Outrage over 'utter insanity' as giant Aussie tree spotted on back of truck

The tree spotted on the back of a logging truck in Tasmania is estimated to be over 150 years old.

Video showing an ancient felled tree being hauled out of a logging coup in Tasmania has been described as “utter insanity”.

Mountain ash (eucalyptus regnans) are the world’s tallest flowering tree and can grow over 100 metres high. The specimen filmed on the back of a truck is conservatively estimated to be over 150 years old.

Veteran conservationist Bob Brown spoke to Yahoo News Australia this morning from Maydena in the Florentine Valley, near where the tree was filmed yesterday. “You'd expect this 100 years ago, but seeing it in 2023 is just appalling,” he said.

A massive mountain ash can be seen on the back of a logging truck.
A massive mountain ash has been filmed on the back of a truck in the Florentine Valley in Tasmania. Source: Bob Brown Foundation

He’s there with members of the Wilderness Society and the non-profit he founded, the Bob Brown Foundation to “bear witness” to the ongoing logging of the region’s forests.

While some of the timber is used for housing and furniture, protesters are particularly concerned that large volumes are exported to the Northern Hemisphere as wood chips.

Florentine Valley a 'stronghold' for Mountain Ash

The region is home to endangered wildlife like the Tasmanian devil and the giant Tasmanian wedge-tailed eagle that has a two-metre-wide wingspan.

After areas are logged, they are generally set on fire, and this can have a destructive impact on the wildlife that survives. In March, a charred devil was filmed in the foetal position after a Central Highlands logging coup was burned.

In the Derwent Valley, the state government’s forestry operator’s burning practices killed a 350-year-old tree affectionately known as El Grande with fire. At the time it was believed to be the tallest tree in Australia, but a larger specimen named Centurion has since been found.

Taller examples once grew across Victoria, but that state has systematically logged most of its old-growth forests. Now the Florentine Valley is what Dr Brown describes as a “stronghold” of the species.

“It’s one of those things that should be a tourist drawcard, and not flattened and incinerated,” he said.

Online backlash to logging of ancient tree

Dr Brown is not the only one upset by the image of the ancient mountain ash being hauled out of the Florentine Valley. The video has been viewed over 22,000 times on Twitter alone.

Wildlife ecologist Professor Euan Ritchie wrote on the platform that he was shocked at the size of the tree. “This is utter insanity and environmental vandalism,” he added.

Others have tagged environment minister Tanya Plibersek in the post questioning how the practice is still legal.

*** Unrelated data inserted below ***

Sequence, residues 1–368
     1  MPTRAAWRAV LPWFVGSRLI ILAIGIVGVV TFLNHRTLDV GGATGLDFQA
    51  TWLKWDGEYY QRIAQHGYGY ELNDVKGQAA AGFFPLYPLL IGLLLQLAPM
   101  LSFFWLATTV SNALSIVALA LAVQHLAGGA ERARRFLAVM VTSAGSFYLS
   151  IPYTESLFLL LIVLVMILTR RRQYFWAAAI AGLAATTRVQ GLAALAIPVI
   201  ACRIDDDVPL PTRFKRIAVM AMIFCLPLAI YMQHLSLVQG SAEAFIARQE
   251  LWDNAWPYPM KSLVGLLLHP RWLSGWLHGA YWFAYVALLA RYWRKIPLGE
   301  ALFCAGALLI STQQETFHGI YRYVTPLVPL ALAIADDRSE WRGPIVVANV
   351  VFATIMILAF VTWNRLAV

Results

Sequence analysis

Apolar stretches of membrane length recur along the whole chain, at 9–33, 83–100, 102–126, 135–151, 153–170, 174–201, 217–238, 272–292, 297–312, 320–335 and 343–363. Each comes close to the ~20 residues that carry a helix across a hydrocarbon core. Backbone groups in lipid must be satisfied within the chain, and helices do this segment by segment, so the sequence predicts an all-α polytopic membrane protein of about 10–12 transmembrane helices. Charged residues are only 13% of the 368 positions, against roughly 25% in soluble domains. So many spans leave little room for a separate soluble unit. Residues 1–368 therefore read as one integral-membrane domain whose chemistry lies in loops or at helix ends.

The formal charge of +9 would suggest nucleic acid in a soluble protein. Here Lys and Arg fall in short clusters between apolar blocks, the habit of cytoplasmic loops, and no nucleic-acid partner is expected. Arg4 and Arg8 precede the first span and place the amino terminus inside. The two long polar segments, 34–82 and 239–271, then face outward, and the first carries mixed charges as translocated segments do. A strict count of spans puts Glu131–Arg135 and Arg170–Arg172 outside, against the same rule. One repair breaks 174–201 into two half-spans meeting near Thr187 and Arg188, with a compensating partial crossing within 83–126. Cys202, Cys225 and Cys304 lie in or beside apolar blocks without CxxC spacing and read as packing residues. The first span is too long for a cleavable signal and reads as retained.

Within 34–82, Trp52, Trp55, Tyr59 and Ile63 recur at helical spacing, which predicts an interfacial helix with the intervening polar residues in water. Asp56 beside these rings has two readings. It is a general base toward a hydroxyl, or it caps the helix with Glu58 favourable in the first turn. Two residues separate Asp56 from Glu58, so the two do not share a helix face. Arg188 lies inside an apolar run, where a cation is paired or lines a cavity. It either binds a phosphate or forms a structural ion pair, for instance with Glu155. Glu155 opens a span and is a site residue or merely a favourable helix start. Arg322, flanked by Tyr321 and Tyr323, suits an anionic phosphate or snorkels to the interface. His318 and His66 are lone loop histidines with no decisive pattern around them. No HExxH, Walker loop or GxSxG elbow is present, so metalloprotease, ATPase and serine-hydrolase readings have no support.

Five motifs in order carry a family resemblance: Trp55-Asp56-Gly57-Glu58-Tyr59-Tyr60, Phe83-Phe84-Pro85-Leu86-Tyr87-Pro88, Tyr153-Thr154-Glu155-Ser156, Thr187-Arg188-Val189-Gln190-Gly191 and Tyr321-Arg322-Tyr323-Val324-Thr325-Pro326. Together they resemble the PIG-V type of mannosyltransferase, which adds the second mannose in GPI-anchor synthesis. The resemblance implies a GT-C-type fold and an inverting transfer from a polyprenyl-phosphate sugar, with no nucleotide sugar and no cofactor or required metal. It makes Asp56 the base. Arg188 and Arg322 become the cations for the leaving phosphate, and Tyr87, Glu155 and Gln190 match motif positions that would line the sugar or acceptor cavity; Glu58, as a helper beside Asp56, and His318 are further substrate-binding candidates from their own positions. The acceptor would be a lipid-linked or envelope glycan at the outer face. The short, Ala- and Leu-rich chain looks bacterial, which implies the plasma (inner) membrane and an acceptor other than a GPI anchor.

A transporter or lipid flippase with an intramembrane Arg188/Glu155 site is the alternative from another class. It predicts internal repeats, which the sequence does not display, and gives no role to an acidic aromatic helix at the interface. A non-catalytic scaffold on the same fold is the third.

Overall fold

“Pointless destruction. Heritage lost,” another person wrote. “An absolute tragedy,” someone else added.

An old growth tree in Tasmania - left. A felled tree in Tasmania - right.
Conservationists are calling for an end to native forest logging in Tasmania. Source: Wilderness Society

Timber harvesters respond to criticism

The state government's timber company Sustainable Timber Tasmania told Yahoo News Australia the tree was cut down due to "safety reasons" and the timber was then recovered.

"(STT) is confident that current operations are in accordance with the certified Forest Practices Plan," it's general manager of conservation Suzette Weeding said.

This Forest Practices Plan includes an obligation to "minimise impact to live trees greater than 2 metres diameter at breast height where it is operationally safe to do so".

The harvesters also undertook what they described "extensive detailed operational planning" before it began cutting down trees, and each tree wider than 2 metres at breast height was measured.

"Tree measurements were documented to identify appropriate management prescriptions during harvesting operations," Ms Weeding said. "No Giant trees were verified within the harvest boundary. Giant trees are defined as trees that are at least 85 metres tall or at least 280 cubic metres estimated stem volume."

Pressure mounts to end native forest logging

There is growing pressure on the states to end native forest logging. Victoria and Western Australia will phase out the practice by 2024, joining South Australia which did so yesterday.

Tasmania, along with NSW appears committed to these industries, but because logging of old forests releases so much carbon into the atmosphere, Dr Brown is warning it's time for the prime minister to rethink its logging agreements with the states that allow the practice to continue.

“If Anthony Albanese wants to reach his 43 per cent reduction in carbon dioxide by 2030 then he needs to end native forest logging,” he said.

State government-owned logging agency Sustainable Timber Tasmania has been contacted for comment.

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